Walden Media Scores Again
Nim’s Island, the latest release from relative newcomers Jennifer Flackett and Mark Levin, is the best example of a “Family Film” I have encountered in several years. There is material for children, ’tweens, teens, and adults—a rare combination these days.
Nim (played brilliantly and believably by Abigail Breslin) lives on a deserted island in the South Pacific. Her mother having presumably passed away, Abigail and her father, Jack, work as a modern scientific team, trying to discover new species of protozoa, which, once discovered, will be Protozoa Nim. A voracious reader, she is ecstatic when the scheduled supply boat delivers not only the bare necessities, but the latest book by Alex Rover, a fearless adventurer who travels the world—a veritable hero of his own stories.
When Nim’s father, Jack, leaves on his first solo two-night exploration, the confident and precocious Nim remains unflappable, reassuring her passionately scientific and intensely devoted and loving father (in a fashion somewhat reminiscent of Scout in To Kill a Mockingbird, she uses “Jack” and “Dad” interchangeably). Not surprisingly (given some of the more overt foreshadowing), a monsoon rolls in during Jack’s absence. Once the monsoon has passed, Nim repairs the solar panels, hops on the Internet, and, while checking her dad’s e-mail, finds a message from none other than Alex Rover, who, while surfing the Internet for info on volcanoes (the setting for the latest adventure) had come across Jack and Nim’s island.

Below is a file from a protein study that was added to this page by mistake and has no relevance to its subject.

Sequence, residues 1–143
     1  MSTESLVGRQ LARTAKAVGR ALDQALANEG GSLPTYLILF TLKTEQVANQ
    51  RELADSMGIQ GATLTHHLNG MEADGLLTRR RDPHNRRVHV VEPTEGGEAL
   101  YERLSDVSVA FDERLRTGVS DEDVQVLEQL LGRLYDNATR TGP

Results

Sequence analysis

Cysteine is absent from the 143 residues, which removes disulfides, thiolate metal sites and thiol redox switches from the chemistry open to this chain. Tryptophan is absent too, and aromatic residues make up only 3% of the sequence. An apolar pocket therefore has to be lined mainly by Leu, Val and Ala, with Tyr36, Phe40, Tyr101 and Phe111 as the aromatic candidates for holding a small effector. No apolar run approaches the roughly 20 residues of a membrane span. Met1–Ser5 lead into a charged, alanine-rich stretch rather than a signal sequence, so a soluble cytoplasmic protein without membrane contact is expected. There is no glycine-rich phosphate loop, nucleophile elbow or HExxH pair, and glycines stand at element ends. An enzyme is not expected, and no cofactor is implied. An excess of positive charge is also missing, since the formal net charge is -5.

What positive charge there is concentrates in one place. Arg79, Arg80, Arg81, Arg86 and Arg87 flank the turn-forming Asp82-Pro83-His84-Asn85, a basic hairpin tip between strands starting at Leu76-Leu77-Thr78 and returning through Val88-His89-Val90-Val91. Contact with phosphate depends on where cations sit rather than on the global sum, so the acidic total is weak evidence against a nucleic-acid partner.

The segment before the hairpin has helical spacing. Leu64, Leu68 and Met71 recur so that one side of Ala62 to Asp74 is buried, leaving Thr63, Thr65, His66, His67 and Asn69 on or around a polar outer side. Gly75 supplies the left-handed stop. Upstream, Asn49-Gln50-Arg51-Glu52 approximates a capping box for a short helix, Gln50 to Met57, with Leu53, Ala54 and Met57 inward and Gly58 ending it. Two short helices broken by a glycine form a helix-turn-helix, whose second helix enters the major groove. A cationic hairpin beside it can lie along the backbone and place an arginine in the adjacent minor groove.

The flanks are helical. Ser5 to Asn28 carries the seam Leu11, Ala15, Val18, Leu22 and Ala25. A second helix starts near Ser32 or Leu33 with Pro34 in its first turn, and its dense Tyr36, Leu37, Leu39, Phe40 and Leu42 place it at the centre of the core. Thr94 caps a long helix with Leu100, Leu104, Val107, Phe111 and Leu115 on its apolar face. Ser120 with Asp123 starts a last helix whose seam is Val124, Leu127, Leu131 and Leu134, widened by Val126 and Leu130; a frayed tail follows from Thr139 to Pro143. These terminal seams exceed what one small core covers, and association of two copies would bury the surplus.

Nim, excited to be in contact with her hero, also sees the potential for Alex to help her locate her dad (in addition to the volcano adventure). Confident of her hero’s abilities, she pleads with Alex to come to her aid, using latitude and longitude coordinates for directions.
Meet Alex Rover—that it, Alexandra Rover. What few people know is that Alex Rover the uber-masculine hero is an author’s creation—or perhaps, more precisely, an alter ego. The real Alex Rover (played by a Jodie Foster I have never seen) is agoraphobic, obsessive-compulsive, anxiety-ridden, and leaves her home no more often that every six weeks. She even begs the mail carrier to bring her mail to the door, in order to avoid taking the seven or so steps to the mailbox. Ultimately, she decides to help Abigail, and, desperately ignoring her neuroses, leaves for Nim’s
Nim’s Island succeeds on multiple levels: the casting—namely a slenderer, more mature Breslin; a comically neurotic Foster (almost unrecognizable in her looseness); and Gerard Butler, who masterfully pulled off the double-role of Jack and Alex (the written character with whom the author has numerous conversations)—offers lively interaction and apparent chemistry among the lead actors. The setting provides plenty of eye candy—transparent turquoise waters, deep, lush greens, sandy beaches, and a home/science lab that blows Swiss Family Robinson out of the water.
The film is far from perfect; the greatest care was not taken in certain editorial aspects—those little details like continuity flaws, unrealistic events, and implausibilities that critics love to use to flex their egos. But this film isn’t about facts and evidence and details; rather, it subtly repeats a mantra-like theme: “You must be the hero of you own story.” And in that sense, those involved in the production of Nim’s Island succeeded.
Nim’s Island is rated PG for mild adventure action and brief language. I really don’t remember what language there might have been. But the action indeed keeps this from being purely G fare.
Courtesy of a local publicist, Jenn attended a press screening of Nim’s Island.